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Corporate & Foundation Funding

The University of Utah Corporate and Foundation Relations program can help build a relationship between you and potential private funding partners. Our team can advise on strategic approaches, arrange visits, review draft proposals and help translate ideas into fundable projects or programs. Please contact Lynn Wong, 801-587-1066 if you are interested in applying for an opportunity listed below, or on the CFR Funding Opportunity website.

W.M. Keck Foundation Internal Call for Concept Papers
Amount: $1,000,000
Deadline: Friday, December 4th, 2020

The Office of the Vice President for Research is seeking interdisciplinary and transformative project concepts for the W. M. Keck Foundation. Keck seeks to benefit humanity by supporting basic science projects in two specific areas (1) medical research and (2) science and engineering, that are distinctive and novel in their approach, question the prevailing paradigm, or have the potential to break open new territory in a field. Funding requests are for $1,000,000 in direct costs over three years. Larger budget requests and award extensions are not allowed. 

Please submit your idea using this template & the InfoReady site linked below. Submissions must be a single page. Please do not adjust font size, format, layout, or margins. 

Please reach out to Lynn Wong with any questions or to discuss applicability of an idea.

Click here to apply via InfoReady!

Russell Sage: Social, Political, and Economic Equality
Amount: Up to $175,000
Deadline: Noon on November 11, 2020 (letter of inquiry)

The Russell Sage Foundation’s program on Social, Political, and Economic Inequality supports innovative research on the factors that contribute to social, political and economic inequalities in the U.S., and the extent to which those inequalities affect social, psychological, political, and economic outcomes, including educational access, job opportunities, social mobility, civic participation and representation, and the transmission of advantage and disadvantage within and across generations. Funding can be used for research assistance, data acquisition, data analysis, and investigator time for conducting research and writing up results. This round, the foundation is especially interested in research on the social, political, economic, and psychological consequences of the COVID-19 pandemic.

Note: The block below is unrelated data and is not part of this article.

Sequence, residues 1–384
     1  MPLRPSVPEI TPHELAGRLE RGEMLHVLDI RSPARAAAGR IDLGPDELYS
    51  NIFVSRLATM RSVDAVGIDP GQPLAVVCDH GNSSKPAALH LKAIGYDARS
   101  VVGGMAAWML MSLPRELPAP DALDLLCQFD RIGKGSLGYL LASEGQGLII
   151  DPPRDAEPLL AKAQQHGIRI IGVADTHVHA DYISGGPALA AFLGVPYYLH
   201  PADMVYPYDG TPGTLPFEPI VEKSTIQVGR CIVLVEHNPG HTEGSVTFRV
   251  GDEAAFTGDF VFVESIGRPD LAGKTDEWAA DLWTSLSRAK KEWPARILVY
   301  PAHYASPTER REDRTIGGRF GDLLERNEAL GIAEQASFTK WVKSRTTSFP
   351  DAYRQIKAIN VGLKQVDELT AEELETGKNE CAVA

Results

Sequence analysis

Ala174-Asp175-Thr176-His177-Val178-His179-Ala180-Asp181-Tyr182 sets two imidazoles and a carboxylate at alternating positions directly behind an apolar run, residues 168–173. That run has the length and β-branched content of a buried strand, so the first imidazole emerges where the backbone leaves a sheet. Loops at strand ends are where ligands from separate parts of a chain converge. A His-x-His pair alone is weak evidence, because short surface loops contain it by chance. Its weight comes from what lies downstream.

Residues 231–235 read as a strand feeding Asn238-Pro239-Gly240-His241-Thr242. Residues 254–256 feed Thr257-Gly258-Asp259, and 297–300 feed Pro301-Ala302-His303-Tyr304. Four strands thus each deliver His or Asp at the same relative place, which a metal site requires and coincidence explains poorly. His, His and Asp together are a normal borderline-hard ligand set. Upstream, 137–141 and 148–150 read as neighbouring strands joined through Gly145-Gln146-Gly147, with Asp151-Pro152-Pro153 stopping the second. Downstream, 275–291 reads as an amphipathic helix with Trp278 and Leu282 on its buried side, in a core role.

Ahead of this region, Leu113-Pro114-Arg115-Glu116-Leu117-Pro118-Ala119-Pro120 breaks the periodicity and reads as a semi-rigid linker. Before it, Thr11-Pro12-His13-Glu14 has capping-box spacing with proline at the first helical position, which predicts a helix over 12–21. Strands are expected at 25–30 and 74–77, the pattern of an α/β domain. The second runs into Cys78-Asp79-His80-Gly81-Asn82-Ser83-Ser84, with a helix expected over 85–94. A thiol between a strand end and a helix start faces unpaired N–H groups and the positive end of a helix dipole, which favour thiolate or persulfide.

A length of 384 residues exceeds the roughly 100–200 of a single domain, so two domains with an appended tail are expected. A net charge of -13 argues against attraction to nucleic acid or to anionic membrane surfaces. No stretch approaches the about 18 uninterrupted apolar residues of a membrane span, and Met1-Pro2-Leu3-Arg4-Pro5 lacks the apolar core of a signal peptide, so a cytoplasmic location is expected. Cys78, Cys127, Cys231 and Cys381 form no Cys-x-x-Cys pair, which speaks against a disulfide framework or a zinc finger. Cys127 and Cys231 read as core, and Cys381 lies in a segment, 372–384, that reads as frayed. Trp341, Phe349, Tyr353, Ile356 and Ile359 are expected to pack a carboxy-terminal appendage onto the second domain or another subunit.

Click here to learn more!

Doris Duke Charitable Foundation: 2021 Clinical Scientist Development Award
Amount: $495,000 over 3 years
Deadline: November 13, 2020 (pre-proposal applications)

Pre-proposal applications are being sought from physician scientists in their first faculty position conducting clinical research in any disease area. Approximately 12-18 grants of up to $495,000 each over 3 years ($150,000 direct cost and $15,000 indirect costs per year) will be awarded to early-career physician scientists (MD, MD/PhD, DO or foreign equivalent degree) at the Instructor or Assistant Professor rank working at US degree-granting institutions to support clinical research that will enable their transition to independent research funding.

Click here to learn more!

Robert Wood Johnson Foundation: Policies for Action: Public Policy Research to Advance Racial Equity and Racial Justice
Amount: Up to $250,000
Deadline: November 24, 2020 (letter of inquiry)

The goal of this Policies for Action call for proposals is to build the evidence base about how national, state, and local policies can decrease racial inequities in health and well-being in the United States. Research must: (1) focus on studying the potential impact of a specific federal, state, or local policy; (2) be intentional about maintaining a focus on racial equity and racial justice in its processes and outcomes; (3) use principles of equitable evaluation; (4) incorporate meaningful and authentic community engagement into the work; and (5) advance community driven solutions that come from the groups of people most directly impacted by structural racism. The foundation also encourages, but does not require, that research examines the impact of policy changes on health and well-being outcomes. Methods and designs may include natural experiments; implementation research; microsimulation studies; randomized controlled trials; linkages and analyses of existing data sources; mixed-methods analyses; and qualitative research. Various data sources can be proposed to be analyzed, such as social service and other public records; restricted-access survey or administrative data; social media data; and marketing data. Preference will be given to investigators who already have access to any restricted-use data proposed, as well as data that is disaggregated by race/ethnicity and relevant subgroups. Investigators may also propose research that would serve as a continuation or supplement to other existing programs or research studies.

Click here to learn more!

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Last Updated: 4/13/21